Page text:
Split Batch Brew Day: A Hefe and a Raspberry Farmhouse
About a year ago I brewed a batch of my wife’s favorite beer – “La Jefa” Weizen – a traditional Bavarian hefeweizen. I typically brew 3 – 5 gallon batches, but I wanted a little extra wort to “play around” with.
After reading through several recipes that a few of my favorite sour beer breweries have made available, I found that a lot of the base recipes tend to be a pale base made with a combination of two row and some percentage of unmalted grain (wheat, chit malt, oats, etc…). This base wort is then inoculated with a mixed culture and then the beer can take a few different paths. It can either be sold as a pale sour beer or it can be barrel aged, refermented with a fruit addition or blended with other beers in the brewery’s arsenal.
Hey! I can do all of that too! So, I split the 7 gallon batch of hefeweizen into two 3.5 gallon batches. One batch was fermented with bavarian hefeweizen yeast (either Wyeast 3068 or WLP 300). The other, I fermented with a packet of Safale S-04 since I had a packet available.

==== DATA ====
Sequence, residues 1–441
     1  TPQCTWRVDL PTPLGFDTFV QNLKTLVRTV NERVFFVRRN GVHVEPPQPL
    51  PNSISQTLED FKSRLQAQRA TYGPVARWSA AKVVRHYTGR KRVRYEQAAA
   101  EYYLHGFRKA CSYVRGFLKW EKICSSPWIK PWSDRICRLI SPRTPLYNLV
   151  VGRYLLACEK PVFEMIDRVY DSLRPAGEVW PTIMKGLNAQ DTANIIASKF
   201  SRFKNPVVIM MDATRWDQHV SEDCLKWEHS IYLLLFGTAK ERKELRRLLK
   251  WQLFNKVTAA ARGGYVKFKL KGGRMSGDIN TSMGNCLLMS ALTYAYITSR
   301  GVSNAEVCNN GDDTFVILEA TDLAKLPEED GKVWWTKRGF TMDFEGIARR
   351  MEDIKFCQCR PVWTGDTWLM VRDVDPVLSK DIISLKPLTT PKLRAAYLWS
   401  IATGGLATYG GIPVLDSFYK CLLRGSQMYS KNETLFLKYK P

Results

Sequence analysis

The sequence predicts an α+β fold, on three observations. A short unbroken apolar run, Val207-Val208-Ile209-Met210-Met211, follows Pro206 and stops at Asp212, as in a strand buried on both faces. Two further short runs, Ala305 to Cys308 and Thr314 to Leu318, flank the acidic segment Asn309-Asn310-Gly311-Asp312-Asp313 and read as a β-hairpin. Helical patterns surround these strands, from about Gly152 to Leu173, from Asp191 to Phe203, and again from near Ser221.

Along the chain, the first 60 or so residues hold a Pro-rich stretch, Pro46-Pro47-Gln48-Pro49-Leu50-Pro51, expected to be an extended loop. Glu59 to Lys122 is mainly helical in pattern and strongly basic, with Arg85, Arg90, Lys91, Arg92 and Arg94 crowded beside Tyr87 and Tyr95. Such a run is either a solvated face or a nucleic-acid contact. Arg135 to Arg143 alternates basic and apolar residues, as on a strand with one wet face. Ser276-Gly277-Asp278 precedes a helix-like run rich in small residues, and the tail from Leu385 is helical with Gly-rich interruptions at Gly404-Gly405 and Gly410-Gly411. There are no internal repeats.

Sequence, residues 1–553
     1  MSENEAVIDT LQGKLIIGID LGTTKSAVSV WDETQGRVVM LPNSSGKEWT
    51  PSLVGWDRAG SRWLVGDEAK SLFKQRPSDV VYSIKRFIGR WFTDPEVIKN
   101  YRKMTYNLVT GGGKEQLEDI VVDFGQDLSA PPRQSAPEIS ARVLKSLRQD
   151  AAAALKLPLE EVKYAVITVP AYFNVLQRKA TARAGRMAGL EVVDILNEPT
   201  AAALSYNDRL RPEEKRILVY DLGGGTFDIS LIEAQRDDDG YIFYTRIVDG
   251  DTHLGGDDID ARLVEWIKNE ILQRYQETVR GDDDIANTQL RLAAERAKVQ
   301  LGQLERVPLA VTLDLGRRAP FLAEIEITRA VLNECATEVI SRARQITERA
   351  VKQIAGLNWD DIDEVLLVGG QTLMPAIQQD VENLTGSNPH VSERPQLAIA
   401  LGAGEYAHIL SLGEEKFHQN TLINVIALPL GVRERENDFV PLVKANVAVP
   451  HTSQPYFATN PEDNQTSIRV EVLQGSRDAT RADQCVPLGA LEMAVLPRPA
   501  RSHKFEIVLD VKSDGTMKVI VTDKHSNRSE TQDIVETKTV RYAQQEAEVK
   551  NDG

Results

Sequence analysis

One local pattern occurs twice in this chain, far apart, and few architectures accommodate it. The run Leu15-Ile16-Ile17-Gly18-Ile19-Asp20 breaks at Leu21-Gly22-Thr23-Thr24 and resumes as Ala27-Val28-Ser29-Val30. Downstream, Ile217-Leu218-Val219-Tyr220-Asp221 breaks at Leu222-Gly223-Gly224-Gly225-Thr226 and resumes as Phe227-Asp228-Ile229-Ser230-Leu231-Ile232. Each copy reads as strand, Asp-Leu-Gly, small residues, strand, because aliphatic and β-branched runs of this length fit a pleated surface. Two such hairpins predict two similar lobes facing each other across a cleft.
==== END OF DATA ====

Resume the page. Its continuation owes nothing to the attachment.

The “clean” half was fermented at 65 degrees farenheit in my fermentation chamber and was kegged, carbbed and consumed expeditiously. During the “sour” batch’s primary “clean” fermentation (keep up with me here), I prepared a starter with some 1.035 wort and tossed in the dregs of a bottle of Jester King’s Atrial Rubicite. Once the “sour” half’s primary fermentation was complete, I pitched the mixed culture starter and also threw in 9 pounds of pureed raspberries (from the grocery store; frozen, then thawed).
20 days later, the sour half was transferred off of the fruit and into a three gallon carboy. The color was a brilliant ruby red from huge raspberry charge, and the flavor was slight tart raspberry and a little farmhouse beginning to develop. There was a slight bitterness that I wasn’t thrilled about but I decided to let time work its magic.
The carboy sat, undisturbed in a room that fluctuated anywhere from 70 to 80 degrees fahrenheit. No samples were taken until I decided to keg the beer – ultimately about 1 year after the brew day.
The bitterness completely went away and I was left with a beautiful, tart, ruby red American Sour Ale that tastes remarkably similar to Jester King’s Atrial Rubicite. I decided to force carbonate because I really want a high level of carbonation and I just don’t trust my abilities in bottle conditioning sour beers. The only flaw that I can pick out is there is a slight green bell pepper aroma that I pick up only slightly in the flavor. Not entirely sure what that could be, but we will see if it ages out in the keg.
Overall, I’m really glad I split that batch a year ago